Scientific Papers of Arthur Holly Compton

X-Ray and Other Studies

Arthur Holly Compton

Scientific Papers of Arthur Holly Compton
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Arthur Holly Compton

Edited and with an Introduction by Robert S. Shankland
826 pages | 7 halftones | © 1973
Cloth $92.50 ISBN: 9780226114309 Published December 1973
Arthur Holly Compton was one of the great leaders in physics of the twentieth century. In this volume, Robert S. Shankland, who was once a student of Compton's, has collected and edited the most important of Professor Compton's papers on X-rays—the field of his greatest achievement—and on other related topics. Compton entered the field of X-ray research in 1913 and carried on active work until the 1930s, when he began to specialize in cosmic rays.

During the years when Compton was an active leader in X-ray research, he made many notable contributions which are reflected in the papers presented here. He was the first to prove several important optical properties of X-rays, including scattering, complete polarization, and total reflection. He was also the first, with his student R. L. Doan, to use ruled gratings for the production of X-ray spectra.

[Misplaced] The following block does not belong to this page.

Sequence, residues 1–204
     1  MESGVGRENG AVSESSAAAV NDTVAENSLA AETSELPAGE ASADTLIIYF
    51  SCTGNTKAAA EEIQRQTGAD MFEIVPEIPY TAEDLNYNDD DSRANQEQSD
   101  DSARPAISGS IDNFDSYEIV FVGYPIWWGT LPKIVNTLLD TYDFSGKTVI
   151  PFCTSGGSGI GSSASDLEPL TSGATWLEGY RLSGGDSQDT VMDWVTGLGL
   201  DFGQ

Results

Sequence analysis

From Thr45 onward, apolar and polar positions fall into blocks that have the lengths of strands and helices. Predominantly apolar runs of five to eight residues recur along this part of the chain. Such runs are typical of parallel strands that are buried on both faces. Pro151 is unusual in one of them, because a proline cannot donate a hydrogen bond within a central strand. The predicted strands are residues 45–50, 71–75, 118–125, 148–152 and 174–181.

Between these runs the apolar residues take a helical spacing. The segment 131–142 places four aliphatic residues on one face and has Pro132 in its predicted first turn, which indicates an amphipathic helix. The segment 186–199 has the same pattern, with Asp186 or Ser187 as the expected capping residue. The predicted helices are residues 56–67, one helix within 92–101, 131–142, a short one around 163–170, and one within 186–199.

Professor Compton's greatest discovery, for which he was awarded a Nobel Prize in 1927, was the Compton Effect. This was the outgrowth of experiments he had initiated during a year at Cambridge in 1919-20. He did the major portion of these experiments at Washington University in St. Louis during the period 1920-24. His work demonstrated that in the scattering of X-rays by electrons, the radiation behaves like corpuscles, and that the interaction between the X-ray corpuscles and the electrons in the scatter is completely described by the principles of the conservation of energy and momentum for the collisions of particles.